Carax himself opens the movie, waking up in bed with his index finger turning into a key which opens a door hidden in the wall of his room that opens into a concert hall. And that's about as normal as it gets for the rest of the film's running time. Motion capture/latex-suited sex, Eva Mendes' armpit being licked by a bloody mouth, talking limousines and a musical interlude by Kylie Minogue are among the images and moments that will be seared into your brain, but the film isn't quite the lightweight lark that makes it sound. Carax is attempting (mostly unsuccessfully) to explore a variety of genres, while pissing on the conventions of them at the same time. He's also referencing his own movie career, film history, and god knows what else, in a movie that throws a lot against the wall, hoping that some of it will stick. There's a saying that goes those who can't teach, teach gym. And in this, those who can't get their movie made, sneer at those who can instead. There is a bitter feeling throughout that is hard to shake off, despite stabs at more elegant and romantic sequences.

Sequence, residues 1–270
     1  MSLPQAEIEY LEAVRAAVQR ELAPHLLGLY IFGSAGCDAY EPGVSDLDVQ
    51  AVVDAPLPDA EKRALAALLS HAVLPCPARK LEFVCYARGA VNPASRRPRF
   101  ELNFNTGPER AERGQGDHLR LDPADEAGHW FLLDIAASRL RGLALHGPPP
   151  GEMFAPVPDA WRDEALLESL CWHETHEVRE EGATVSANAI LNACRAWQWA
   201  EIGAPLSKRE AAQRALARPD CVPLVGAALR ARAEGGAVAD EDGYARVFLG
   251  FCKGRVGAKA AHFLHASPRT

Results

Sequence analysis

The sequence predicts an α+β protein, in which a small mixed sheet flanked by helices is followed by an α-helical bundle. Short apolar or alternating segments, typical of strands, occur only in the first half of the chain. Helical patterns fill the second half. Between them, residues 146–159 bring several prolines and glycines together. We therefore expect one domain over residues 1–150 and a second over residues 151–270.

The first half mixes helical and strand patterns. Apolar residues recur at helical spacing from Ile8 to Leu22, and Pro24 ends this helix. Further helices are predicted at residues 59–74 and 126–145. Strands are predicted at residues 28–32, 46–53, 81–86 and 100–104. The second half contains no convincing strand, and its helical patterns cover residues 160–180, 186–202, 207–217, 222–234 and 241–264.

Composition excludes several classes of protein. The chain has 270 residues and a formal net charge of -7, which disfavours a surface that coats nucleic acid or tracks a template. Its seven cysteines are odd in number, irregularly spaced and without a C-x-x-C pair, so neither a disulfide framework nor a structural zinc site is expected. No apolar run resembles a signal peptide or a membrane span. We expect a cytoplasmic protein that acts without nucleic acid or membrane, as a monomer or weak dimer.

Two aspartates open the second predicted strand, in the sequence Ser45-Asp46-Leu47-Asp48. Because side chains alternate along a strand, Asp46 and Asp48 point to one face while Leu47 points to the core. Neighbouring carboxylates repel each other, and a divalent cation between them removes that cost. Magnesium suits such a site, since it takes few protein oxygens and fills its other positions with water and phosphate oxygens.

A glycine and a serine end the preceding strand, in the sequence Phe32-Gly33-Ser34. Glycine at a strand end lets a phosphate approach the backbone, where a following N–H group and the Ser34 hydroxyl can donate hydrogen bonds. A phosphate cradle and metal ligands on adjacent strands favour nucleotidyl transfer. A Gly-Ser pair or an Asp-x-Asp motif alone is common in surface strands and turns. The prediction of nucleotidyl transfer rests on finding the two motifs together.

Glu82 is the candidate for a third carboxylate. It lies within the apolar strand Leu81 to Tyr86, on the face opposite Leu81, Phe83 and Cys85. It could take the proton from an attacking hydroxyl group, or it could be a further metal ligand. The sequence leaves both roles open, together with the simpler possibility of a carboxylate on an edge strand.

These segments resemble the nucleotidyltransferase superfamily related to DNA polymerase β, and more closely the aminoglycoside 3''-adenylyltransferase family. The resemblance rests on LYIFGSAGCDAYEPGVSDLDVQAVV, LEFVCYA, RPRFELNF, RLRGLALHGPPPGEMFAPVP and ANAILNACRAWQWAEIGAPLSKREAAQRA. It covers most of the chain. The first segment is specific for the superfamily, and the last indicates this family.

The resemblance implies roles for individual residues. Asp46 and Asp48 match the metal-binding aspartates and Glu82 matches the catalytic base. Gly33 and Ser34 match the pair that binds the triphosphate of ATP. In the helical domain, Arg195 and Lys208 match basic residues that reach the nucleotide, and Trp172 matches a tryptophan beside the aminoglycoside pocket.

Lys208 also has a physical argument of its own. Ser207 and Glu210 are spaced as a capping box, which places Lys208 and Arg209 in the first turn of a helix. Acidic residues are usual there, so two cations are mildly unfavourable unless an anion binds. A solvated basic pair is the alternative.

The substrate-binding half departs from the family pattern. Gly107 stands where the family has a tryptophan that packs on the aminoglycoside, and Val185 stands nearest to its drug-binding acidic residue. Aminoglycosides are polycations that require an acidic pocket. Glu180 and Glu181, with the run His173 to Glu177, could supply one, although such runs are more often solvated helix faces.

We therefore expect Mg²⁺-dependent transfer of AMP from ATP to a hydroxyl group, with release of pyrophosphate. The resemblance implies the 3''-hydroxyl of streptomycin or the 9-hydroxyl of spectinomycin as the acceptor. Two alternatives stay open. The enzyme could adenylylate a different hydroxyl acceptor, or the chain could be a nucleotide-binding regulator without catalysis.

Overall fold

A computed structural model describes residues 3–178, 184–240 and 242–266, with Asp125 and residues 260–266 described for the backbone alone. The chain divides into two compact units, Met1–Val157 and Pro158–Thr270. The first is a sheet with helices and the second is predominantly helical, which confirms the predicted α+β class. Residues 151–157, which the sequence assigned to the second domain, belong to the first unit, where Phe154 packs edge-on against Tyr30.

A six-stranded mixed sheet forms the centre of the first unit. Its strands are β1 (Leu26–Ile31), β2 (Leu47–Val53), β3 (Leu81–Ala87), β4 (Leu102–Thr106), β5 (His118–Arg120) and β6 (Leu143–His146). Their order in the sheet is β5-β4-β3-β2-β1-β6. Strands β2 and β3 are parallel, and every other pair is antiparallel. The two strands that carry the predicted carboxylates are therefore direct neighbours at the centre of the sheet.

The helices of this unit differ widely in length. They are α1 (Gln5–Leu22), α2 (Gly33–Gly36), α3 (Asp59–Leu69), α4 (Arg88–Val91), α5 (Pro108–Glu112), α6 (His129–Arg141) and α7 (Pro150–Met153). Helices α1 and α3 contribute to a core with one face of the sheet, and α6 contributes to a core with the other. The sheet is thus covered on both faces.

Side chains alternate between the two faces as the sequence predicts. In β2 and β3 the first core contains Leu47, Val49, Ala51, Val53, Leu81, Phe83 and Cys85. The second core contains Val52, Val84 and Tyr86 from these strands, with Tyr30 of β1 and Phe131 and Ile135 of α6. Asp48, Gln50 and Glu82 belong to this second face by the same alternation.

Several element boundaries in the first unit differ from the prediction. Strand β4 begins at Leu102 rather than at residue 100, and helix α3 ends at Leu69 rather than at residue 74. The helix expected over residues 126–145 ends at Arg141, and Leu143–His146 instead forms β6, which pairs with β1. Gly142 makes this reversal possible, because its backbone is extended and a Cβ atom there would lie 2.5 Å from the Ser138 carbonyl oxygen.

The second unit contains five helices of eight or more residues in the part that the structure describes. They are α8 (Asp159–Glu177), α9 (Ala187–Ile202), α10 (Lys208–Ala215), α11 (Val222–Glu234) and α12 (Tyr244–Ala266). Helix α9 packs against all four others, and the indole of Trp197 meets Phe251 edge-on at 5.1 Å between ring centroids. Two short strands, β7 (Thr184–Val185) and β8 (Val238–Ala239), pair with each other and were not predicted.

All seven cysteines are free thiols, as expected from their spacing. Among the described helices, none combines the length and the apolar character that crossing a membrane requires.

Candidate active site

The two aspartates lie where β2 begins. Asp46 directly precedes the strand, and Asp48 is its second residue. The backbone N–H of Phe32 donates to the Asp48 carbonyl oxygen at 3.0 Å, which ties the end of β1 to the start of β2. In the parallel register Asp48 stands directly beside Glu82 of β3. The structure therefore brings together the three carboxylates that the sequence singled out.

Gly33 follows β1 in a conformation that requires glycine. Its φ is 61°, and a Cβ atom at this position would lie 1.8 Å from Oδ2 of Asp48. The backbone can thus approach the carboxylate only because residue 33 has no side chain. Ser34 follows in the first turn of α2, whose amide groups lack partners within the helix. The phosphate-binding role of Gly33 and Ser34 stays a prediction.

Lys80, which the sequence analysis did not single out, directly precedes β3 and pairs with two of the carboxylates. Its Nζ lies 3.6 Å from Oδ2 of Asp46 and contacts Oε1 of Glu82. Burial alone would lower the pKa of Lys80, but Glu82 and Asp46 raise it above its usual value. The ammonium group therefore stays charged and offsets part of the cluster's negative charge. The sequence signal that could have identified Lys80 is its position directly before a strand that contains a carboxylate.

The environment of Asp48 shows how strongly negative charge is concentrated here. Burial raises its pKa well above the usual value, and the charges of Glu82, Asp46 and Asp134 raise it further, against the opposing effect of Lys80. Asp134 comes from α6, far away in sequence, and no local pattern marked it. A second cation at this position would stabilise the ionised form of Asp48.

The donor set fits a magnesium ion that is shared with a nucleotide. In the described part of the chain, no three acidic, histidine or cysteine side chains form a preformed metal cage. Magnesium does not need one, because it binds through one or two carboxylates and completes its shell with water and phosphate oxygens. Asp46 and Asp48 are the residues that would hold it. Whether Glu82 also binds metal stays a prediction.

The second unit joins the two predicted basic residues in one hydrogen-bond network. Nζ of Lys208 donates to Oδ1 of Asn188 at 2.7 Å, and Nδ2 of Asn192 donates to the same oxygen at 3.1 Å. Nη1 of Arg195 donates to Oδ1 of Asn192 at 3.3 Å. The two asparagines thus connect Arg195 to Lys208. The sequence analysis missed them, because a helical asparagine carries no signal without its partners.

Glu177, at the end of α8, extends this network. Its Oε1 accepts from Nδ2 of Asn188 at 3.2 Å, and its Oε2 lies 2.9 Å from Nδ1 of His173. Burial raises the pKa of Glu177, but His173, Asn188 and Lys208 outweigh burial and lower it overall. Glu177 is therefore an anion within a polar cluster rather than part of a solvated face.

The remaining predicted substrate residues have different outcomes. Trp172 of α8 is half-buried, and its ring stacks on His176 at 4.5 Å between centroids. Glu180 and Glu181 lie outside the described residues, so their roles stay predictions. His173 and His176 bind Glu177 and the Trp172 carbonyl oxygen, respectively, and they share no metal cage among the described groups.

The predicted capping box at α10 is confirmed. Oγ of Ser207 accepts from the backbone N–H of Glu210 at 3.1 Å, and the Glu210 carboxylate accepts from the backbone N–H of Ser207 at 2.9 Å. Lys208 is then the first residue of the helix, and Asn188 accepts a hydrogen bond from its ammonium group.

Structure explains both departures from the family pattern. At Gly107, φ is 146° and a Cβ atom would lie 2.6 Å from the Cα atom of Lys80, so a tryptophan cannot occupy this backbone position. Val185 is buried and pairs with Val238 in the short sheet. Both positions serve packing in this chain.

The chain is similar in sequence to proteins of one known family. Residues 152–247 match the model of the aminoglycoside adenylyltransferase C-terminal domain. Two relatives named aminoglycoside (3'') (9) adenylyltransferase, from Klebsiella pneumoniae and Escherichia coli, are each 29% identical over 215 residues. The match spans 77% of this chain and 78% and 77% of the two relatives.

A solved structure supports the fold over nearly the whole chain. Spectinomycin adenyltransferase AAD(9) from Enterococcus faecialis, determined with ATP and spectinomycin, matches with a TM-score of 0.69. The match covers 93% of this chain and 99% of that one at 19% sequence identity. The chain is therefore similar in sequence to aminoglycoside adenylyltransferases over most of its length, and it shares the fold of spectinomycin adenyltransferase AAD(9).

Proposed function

There is certainly no denying that Carax is brimming with ideas to share from his twelve year absence, but that doesn't mean they are all good or reasoned. Nor will they be completely understood by most viewers (which isn't necessarily a criticism, but should be noted particularly by those reading over-the-top raves for the pic). When Lavant's Merde (reprised from "Toyko!") eats a handful of money as if it were a bag of chips, the film takes on the tone of a project made by a first year college student who is making Very Important Art That Says Something. However, "Holy Motors" is most effective when it takes a more subtle tack, examining the artifice of moviemaking and trying to work through the notion of creating real art and emotion in an entirely contrived environment. Even Carax's choices of genres to tackle -- which include everything from CGI animation to musicals to death dramas to "Before Sunrise"-style romances -- lead to some interesting places. Meanwhile, other moments -- such as Merde napping on Eva Mendes lap, naked, with a giant erection, are shruggingly provocative. We'd be more interested if Carax had recorded the phone call he made to Mendes' people about the part -- that would've been far more fascinating, and would have actually fallen in line with much of the thematic arc of the picture.